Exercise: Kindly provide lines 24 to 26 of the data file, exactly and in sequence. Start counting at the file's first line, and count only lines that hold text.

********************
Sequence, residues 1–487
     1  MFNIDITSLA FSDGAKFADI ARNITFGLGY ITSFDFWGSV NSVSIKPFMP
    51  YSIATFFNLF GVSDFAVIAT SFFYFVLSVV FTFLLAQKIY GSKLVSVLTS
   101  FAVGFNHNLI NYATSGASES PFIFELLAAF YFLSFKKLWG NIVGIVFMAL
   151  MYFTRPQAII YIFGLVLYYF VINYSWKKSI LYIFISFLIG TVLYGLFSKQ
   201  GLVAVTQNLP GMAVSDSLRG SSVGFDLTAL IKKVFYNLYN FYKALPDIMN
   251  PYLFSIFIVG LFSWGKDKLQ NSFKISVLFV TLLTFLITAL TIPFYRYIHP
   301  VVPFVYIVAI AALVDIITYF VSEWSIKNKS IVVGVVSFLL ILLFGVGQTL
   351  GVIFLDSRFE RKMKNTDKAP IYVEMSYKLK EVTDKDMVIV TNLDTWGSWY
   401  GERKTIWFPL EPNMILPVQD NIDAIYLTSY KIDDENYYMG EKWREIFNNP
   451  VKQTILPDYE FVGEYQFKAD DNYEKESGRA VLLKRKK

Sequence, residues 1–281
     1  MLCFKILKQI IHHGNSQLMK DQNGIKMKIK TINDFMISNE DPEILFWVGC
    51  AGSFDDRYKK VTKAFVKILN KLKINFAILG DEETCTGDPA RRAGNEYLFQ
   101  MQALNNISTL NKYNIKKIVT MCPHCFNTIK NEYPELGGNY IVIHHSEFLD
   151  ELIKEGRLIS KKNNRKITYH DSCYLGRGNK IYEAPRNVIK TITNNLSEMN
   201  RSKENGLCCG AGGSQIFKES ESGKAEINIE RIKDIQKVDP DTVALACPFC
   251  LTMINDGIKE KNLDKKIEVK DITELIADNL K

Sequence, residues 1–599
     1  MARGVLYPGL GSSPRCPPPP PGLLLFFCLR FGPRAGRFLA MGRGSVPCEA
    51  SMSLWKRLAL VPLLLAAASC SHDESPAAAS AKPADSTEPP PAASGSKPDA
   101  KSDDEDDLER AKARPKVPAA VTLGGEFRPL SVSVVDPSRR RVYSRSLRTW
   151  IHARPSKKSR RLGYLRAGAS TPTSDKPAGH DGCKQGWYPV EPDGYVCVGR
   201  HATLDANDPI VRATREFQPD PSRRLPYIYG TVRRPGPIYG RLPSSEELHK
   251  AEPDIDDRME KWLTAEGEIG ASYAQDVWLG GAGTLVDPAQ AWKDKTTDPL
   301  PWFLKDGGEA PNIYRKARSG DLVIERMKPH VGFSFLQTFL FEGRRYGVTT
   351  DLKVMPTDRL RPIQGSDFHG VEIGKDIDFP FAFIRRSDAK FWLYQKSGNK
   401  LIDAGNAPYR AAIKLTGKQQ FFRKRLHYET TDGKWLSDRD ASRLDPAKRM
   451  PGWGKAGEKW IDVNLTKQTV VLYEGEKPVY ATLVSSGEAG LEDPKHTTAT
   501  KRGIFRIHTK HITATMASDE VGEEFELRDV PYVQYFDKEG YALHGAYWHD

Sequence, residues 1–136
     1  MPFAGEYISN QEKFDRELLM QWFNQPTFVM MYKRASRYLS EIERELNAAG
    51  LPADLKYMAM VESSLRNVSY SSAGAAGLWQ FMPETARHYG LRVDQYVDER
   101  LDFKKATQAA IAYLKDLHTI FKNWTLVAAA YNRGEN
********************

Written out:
   201  HATLDANDPI VRATREFQPD PSRRLPYIYG TVRRPGPIYG RLPSSEELHK
   251  AEPDIDDRME KWLTAEGEIG ASYAQDVWLG GAGTLVDPAQ AWKDKTTDPL
   301  PWFLKDGGEA PNIYRKARSG DLVIERMKPH VGFSFLQTFL FEGRRYGVTT